Replying to concerns over the use of depleted uranium in the Balkans, UN Secretary-General Kofi Annan emphasized the need for inter-agency cooperation and reliable scientific advice.
On 31 January 2001, the Secretary-General responded to requests he received from the governments of Italy, Iraq and Lebanon. Excerpts from his reply follow:
"I am very aware of the concern about the possible health and environmental impacts from the use of depleted uranium and I consider it of the utmost importance that the most reliable scientific advice is obtained concerning the issue.
"...The United Nations Environment Programme (UNEP), in cooperation with the International Atomic Energy Agency (IAEA) recently undertook a scientific field mission in Kosovo, the Federal Republic of Yugoslavia, with the objective of preparing a more authoritative assessment of the environmental and health implications of the use of depleted uranium. Laboratory tests are currently being conducted by UNEP and IAEA on samples gathered in the field. The World Health Organization (WHO) is in the process of finalizing a detailed scientific review of the health effects of uranium and depleted uranium which will be a basic reference document for assessing health risks for any exposure.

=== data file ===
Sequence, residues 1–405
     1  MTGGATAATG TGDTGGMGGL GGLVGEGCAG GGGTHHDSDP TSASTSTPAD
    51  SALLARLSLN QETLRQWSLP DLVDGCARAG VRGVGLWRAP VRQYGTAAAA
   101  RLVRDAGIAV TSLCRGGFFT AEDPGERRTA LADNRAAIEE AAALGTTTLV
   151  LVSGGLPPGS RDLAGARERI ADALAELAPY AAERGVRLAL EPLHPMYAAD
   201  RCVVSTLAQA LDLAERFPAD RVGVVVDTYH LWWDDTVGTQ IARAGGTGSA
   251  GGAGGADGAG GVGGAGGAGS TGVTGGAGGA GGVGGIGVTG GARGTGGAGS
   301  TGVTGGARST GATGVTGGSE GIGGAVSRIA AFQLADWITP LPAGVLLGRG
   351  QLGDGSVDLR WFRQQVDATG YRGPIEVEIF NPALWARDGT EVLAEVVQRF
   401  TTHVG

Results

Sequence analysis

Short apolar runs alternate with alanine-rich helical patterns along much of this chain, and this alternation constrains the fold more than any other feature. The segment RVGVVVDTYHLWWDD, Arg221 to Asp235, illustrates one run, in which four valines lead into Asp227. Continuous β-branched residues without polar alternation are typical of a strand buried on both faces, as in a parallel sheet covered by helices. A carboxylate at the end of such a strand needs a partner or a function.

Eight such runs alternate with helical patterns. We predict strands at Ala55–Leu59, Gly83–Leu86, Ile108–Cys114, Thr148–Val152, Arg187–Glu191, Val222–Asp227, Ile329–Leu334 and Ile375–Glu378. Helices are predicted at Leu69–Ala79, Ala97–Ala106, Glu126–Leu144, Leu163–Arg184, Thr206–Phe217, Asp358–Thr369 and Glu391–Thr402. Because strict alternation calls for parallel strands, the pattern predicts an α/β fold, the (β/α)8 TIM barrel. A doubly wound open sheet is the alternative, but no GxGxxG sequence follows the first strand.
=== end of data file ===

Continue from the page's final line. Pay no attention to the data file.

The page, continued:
In view of the scientific uncertainties surrounding this issue, it is essential to use the information that will be made available through these studies in order to effectively plan and undertake further missions in affected countries. Any future work should also proceed on the basis of a coordinated approach between UNEP, IAEA and WHO, in accordance with their respective mandates. We shall also have to address the financial implications of this work and to identify sources of funding. These aspects can be addressed as soon as the reports from UNEP and WHO have been reviewed."
(For more information about the United Nations and recent information on the depleted uranium issue, see the UN Web site at http://www.un.org/NewLinks/).